Unsealed records: Vermont State knew of rampant fraud one year before stopping Jay Peak and other projects

600 pages of records relating to the Jay Peak and Northeast Kingdom fraud have been unsealed. In early 2015 — a full year before the state-sponsored projects would be stopped — the state knew it could be the target of the Securities and Exchange Commission for having “aided and abetted” the massive EB-5 fraud. State documents reveal officials knew that investor money “will be lost for good,” and that new investors “will most certainly not be issued visas.”

The biggest EB-5 fraud of all time continues to unfurl a story that is all the more shocking for uncovering new evidence that the government — which was overseeing the multiple EB-5 projects — knew of the fraud, and the investor peril, long before it stopped the EB-5 projects it was meant to supervise.

In early 2015, Agency of Commerce and Community Development general counsel John Kessler, sent multiple emails to then-Gov. Shumlin’s staff and the state Attorney General’s Office warning that an SEC investigation could find the government officials complicit in the fraud.

State knew that ‘every single additional penny of investor money will be lost for good’

The freshly unsealed documents, published April 15, 2015, clearly show the state was aware that fraud was happening in the state-sanctioned projects. One confidential document paints a damning picture of what the government knew — and failed to stop: “Every project appears to be involved in an array of deceptive practices. Every single additional penny of investor money that moves through the projects will be lost for good. New investors most certainly will not be issued visas as the SEC will act long before the two year job creation period ends.”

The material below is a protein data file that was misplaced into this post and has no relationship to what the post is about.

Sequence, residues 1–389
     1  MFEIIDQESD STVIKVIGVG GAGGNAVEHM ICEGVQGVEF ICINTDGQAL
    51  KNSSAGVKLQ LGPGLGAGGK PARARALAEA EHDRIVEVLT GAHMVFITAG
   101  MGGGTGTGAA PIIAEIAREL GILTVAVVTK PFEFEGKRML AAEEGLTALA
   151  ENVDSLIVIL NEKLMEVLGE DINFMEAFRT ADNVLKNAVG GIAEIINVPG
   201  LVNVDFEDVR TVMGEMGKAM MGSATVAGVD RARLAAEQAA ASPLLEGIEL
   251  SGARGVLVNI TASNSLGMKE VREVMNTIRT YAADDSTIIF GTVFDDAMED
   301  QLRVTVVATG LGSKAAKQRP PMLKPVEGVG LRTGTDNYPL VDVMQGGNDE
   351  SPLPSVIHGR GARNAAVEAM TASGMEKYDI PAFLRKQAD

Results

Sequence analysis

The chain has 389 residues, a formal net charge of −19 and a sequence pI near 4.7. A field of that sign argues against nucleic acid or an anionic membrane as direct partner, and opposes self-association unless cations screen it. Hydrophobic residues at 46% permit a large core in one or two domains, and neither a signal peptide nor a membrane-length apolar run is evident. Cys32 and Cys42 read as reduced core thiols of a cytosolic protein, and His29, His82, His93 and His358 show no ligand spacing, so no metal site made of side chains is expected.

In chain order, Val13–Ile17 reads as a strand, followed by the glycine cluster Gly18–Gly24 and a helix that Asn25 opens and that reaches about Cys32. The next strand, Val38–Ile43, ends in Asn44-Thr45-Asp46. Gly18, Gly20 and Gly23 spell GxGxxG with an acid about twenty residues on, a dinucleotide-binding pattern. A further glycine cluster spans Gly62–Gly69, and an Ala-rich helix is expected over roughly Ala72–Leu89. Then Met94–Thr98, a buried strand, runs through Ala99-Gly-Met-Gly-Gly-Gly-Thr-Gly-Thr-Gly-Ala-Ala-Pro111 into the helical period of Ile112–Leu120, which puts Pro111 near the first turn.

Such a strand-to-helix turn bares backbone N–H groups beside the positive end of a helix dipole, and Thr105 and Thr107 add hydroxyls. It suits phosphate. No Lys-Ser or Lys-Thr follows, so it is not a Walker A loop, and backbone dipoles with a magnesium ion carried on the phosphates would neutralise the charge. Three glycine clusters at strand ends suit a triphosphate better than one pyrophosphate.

In August of 2015, officials briefed Governor Shumlin, the Attorney General, and others on the status of the EB-5 projects, and the fact that 364 investors in three developments would not receive their Green Cards due to the fraud.

This declaration aligns with the narratives of Bill Stenger, the Jay Peak president and CEO, who has agreed to a guilty plea deal. WIth his sentencing imminent, he is pointing the finger at the Shumlin and government officials running the EB-5 program. Stenger claims that government officials knew of suspicious transactions as early as June 2014 and still allowed the fraud to play out till April 2016.

What’s more, Stenger asserts that both the governor’s office and the Attorney General’s office both tried to cover up the fraud to the federal government, public, and press.

The government has tried to block the opening of sealed records and has long denied any culpability in the fraud.

Vermont State officials continue to deny complicity

Despite the claims of Stenger and investors who are suing the state of Vermont, government officials involved in the Northeast Kingdom EB-5 projects continue to claim they were not responsible for investor or state harm.